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Jurkunas Offers Versatility For Men’s Basketball Team

Jurkunas Offers Versatility For Men’s Basketball Team

March 7, 2000

By Jacob Barker

When Andrius Jurkunas said “I do” to play basketball at Clemson, Larry Shyatt would have never imagined that several years he would hear Jurkunas utter those same words. Over his career Jurkunas, a 6’9″ fifth-year senior from Kaunas, Llithuania, has been asked to play every position on the court. While his position on the Clemson team has been like a revolving door, his unique bond with Shyatt has been a constant.

Shyatt first noticed Jurkunas in 1993 while playing in the Albert Switzer World Games in Germany. At the time, Shyatt was an assistant coach under Rick Barnes at Providence and ironically it was with former Clemson Head Coach Bill Foster that Shyatt made the recruiting trip to Germany. Although Jurkunas was only 15, he more than held his own against some of the best high school competition in the world. In fact, Jurkunas was named the most valuable player of that tournament.

Shyatt took an immediate interest in the young Jurkunas, but there was one problem. “On the last day of the tournament I noticed that Andrius’s coach was wearing a Seton Hall sweatshirt,” Shyatt recalls. “I thought, oh no, we are going to lose another one.”

Jurkunas’s coach informed Shyatt, however, that he was only wearing the sweatshirt because one of his former players was playing with Seton Hall. He also told Shyatt that he thought Jurkunas would be interested in coming to the United States to finish high school and attend college somewhere other than Seton Hall. After several follow up trips by the Providence coaching staff, Jurkunas decided to leave his home in Lithuania and attend high school in the United States. In addition, he made a verbal commitment to the Providence coaching staff to play basketball for the Friars after he graduated from high school.

Speaking almost no English and having never been to the United States, the16 year old Jurkunas left his family in 1993 and embarked on a trip that would dramatically change his life.

After landing in the United States, Jurkunas enrolled at St. John’s at Prospect Hall in Baltimore, MD for his final two years of high school. During his junior season, Jurkunas averaged 20.1 points and 10.3 rebounds per game. His senior season, Prospect Hall finished the year ranked second in the nation and Jurkunas averaged 16 points and 5.3 rebounds per game. Jurkunas developed the reputation of a big man who could shoot from three-point land and noted recruiting analyst Bob Gibbons ranked him as the 45th best high school player in the country.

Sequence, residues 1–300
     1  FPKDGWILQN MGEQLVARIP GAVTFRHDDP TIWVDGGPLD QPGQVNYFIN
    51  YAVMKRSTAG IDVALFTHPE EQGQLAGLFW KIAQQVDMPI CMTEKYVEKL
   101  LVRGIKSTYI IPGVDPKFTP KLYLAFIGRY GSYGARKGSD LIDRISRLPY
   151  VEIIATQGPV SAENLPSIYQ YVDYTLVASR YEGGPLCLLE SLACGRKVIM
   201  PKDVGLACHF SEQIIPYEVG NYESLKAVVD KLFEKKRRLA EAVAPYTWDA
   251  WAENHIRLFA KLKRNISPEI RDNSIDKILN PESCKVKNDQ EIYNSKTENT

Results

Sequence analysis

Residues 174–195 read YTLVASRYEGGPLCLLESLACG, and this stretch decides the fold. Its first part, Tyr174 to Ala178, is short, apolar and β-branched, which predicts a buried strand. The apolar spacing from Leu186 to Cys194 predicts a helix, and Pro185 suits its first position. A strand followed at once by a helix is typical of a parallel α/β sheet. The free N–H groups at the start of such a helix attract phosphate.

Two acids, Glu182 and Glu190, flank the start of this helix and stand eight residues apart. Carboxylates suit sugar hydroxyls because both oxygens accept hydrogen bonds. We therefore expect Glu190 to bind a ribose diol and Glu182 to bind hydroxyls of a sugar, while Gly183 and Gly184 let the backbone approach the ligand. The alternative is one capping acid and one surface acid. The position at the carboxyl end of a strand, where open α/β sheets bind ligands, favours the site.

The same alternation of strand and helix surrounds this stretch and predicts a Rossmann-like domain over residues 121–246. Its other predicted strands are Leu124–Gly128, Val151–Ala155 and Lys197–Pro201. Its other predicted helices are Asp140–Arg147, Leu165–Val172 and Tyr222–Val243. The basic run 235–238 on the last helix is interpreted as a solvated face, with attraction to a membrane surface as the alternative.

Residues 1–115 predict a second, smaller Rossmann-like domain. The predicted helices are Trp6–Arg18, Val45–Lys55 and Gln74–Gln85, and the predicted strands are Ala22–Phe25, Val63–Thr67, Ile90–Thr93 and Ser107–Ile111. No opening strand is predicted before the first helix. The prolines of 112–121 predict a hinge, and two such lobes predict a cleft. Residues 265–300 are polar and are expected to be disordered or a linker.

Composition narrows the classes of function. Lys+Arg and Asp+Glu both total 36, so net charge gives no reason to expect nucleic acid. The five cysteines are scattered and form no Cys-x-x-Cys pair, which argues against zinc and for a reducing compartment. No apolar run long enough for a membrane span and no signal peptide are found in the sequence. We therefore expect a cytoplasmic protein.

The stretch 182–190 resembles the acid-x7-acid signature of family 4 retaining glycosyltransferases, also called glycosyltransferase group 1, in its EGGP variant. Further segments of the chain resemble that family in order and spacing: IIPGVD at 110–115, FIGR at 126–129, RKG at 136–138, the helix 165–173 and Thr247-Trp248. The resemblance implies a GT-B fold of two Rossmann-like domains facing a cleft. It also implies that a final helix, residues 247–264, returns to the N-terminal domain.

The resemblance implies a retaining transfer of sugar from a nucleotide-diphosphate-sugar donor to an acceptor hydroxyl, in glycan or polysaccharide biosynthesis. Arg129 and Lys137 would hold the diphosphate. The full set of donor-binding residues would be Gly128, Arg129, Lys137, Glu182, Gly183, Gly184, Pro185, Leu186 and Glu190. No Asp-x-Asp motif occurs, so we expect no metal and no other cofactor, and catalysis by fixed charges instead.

Also during his senior season, Jurkunas once again found himself faced with a decision that would effect his future as a student and a basketball player. That year Rick Barnes and his coaching staff, including Shyatt, left Providence to coach at Clemson. After several discussions with Shyatt and the rest of the staff, Jurkunas decided that he too would join the Clemson basketball team after he graduated from high school. “One of the main reasons that I decided to go to Clemson was because of my relationship with Coach Shyatt,” says Jurkunas. “I have always felt comfortable around him and I know that he will always be there if I ever need someone to talk to.”

In 1995, Jurkunas enrolled at Clemson and during his freshman season he made an immediate impact for the Tigers. He set the Clemson record for three-point goals by a freshman with 51 and he ended the season ranked sixth in the ACC with a .421 three-point percentage. Also that year, he was the only player in the ACC to rank in the top 10 in three-point percentage and blocked shots. Clemson advanced to NCAA tournament that season and Jurkunas led the Tigers with five three-pointers and scored a career high 19 points in their first round game against Georgia in the West Regional.

After a stellar freshman campaign, injuries limited Jurkunas’s playing time over the next two seasons. He was forced to sit out the entire 1997-1998 season because of calcium deposits in his right knee. For the first time in his life Jurkunas, who had now been away from home for almost five years, began to question himself as a student and a basketball player. He began doing poorly in school and often talked of returning to Lithuania. The Calender year1997 was a very difficult year for Jurkunas but it did not take long for Shyatt to recognize there was a problem.